Jesus intentionally uses this example of shepherding because He knows that the Pharisees are familiar with the concept of shepherding and they are familiar with the Old Testament symbolism of the shepherd. The shepherd symbolizes a royal caretaker of God’s people. We see this symbolism in the twenty-third Psalm which is a favorite psalm of many people. In the twenty-third Psalm we read how “the Lord is my shepherd.” The leaders in Israel were their shepherds. And God often times denounced the false shepherds and promised to provide a true Shepherd, the Messiah to care for His sheep. The Pharisees knew and understood the imagery Jesus was using. They knew that Jesus was at least a prophet. They knew His claims to be the Messiah, but they just could not and would not believe these claims to be true. Today it is easy for us as we look back to see the Pharisees as the false shepherds and how they were seeking to take life from their people. They took physical life by imposing many tedious laws and spiritual life by taking away the Gospel.
So, what was their problem? What is it about these Pharisees? The Pharisees were a group of “separated ones,” which is what their name means. Their religion amounted to following a code of rules and regulations to the letter. In order to do this they separated themselves from the common people and devoted their lives to following these, what amounted to their own rules. They, with the high priests, had set themselves up pretty good with the ruling Roman government and had good positions of authority. They did know the prophecies of a coming Messiah, but their idea of the Messiah was different than Jesus. They were looking for an earthly king, someone who would be born of royalty, would overthrow the Roman government and would set them up as rulers. Jesus did not fit their specifications so they wanted nothing to do with Him. Whether He was truly the Messiah or not did not matter. They were not concerned about the people, whether they had life or not. Their only concern was for their own life, which in their blindness they lost. They were like the people today who believe that their good works and deeds will be seen by others to merit for themselves a high place in society and who hope that will translate also into a high place in the afterlife, if they are thinking that far forward. They were like people today who look only to their own interest and especially to their own interest in this world, perhaps their own positions or seeming positions of power and authority rather than to be concerned about others or about God’s will and work. It is these same people who use their goodness as a measure of how others should act. They really do not know what is true life in Christ.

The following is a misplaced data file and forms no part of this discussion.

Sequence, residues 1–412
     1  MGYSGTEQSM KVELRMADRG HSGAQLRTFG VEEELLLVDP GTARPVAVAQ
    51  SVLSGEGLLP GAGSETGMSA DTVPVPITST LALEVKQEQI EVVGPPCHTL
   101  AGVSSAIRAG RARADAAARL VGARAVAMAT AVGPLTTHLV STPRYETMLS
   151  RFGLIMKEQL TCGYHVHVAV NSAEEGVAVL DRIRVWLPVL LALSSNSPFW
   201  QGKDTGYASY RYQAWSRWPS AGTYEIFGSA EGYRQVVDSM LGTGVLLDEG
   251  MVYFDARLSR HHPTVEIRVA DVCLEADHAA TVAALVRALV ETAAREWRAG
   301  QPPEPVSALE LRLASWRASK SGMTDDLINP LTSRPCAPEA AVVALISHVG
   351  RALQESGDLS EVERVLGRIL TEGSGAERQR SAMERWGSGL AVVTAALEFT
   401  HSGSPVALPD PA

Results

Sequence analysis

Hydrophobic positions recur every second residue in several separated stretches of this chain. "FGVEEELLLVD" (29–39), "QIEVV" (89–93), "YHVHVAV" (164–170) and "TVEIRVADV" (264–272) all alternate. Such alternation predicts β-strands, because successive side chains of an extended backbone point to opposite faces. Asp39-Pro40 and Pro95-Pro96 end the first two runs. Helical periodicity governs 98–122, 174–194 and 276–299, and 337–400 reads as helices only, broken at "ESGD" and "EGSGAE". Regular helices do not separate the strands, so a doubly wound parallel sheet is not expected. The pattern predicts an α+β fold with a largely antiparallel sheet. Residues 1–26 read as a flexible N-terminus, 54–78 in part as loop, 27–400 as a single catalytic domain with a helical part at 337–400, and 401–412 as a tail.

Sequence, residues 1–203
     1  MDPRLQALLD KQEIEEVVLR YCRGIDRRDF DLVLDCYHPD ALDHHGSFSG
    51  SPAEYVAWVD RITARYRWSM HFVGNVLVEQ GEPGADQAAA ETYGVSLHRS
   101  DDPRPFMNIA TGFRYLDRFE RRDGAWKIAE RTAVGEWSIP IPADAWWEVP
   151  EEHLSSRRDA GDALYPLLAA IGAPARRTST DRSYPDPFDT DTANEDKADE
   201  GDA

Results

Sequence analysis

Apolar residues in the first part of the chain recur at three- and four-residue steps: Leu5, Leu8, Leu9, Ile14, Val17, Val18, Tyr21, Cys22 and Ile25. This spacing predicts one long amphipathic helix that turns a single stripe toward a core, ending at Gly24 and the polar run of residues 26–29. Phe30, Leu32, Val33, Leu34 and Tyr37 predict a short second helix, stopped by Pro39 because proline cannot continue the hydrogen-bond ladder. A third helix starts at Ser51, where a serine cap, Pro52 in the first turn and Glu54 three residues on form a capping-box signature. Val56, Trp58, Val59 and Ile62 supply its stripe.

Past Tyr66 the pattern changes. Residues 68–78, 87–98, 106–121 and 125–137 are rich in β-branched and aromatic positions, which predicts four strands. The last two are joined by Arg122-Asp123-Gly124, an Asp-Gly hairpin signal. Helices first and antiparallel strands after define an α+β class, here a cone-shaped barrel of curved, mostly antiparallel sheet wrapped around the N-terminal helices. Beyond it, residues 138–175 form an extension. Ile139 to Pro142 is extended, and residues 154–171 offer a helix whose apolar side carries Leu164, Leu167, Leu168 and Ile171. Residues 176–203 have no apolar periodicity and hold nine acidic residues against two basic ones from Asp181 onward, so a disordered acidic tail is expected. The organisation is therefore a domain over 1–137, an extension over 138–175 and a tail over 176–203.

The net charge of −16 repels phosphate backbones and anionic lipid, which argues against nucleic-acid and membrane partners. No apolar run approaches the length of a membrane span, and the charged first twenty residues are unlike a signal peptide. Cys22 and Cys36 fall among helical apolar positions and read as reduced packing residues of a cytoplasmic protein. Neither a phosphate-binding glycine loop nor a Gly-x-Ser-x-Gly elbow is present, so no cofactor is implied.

Thus, when the Pharisees hear Jesus speak of the example of the shepherd they do not understand. So, Jesus speaks the example a second time hoping that they will understand. From the first telling of the example two truths come clear to us today, obviously none of which the Pharisees understood. Each of these truths comes with the understanding that Jesus is the shepherd He is talking about. First, we know that Jesus the True Shepherd calls each one of us by name. He knows each one of us and as He knows us, we know Him. He alone can see in our hearts and He knows all about us. He is the one who called us by name at our Baptism, putting faith in our hearts, giving us forgiveness of sins and writing our names in the book of Life. With the faith He has given to us, we hear His call in His Word. By the power of the Holy Spirit working in and through us, we respond to His call by following Him. Thus, the opposite is true as well, that is that if we live lives refusing God and the gifts He has to give, absenting ourselves from His means of grace, from divine service and Bible class, then truly we do not know God, nor His voice, nor are we known by Him. Which means we have put our souls in jeopardy of losing heaven.
Second, we know that Jesus has given each of us, that are truly His sheep, His children, the ability to discern between what is truly His Word and what is false doctrine coming from false shepherds, or teachers. We know the difference between the true shepherd and the thief or robber. We know that the true shepherd is the one who teaches that Jesus is the only gate, the only way into His kingdom, the only way into eternal life in heaven. By the power of the Holy Spirit, we follow only the true shepherd and flee from the thief.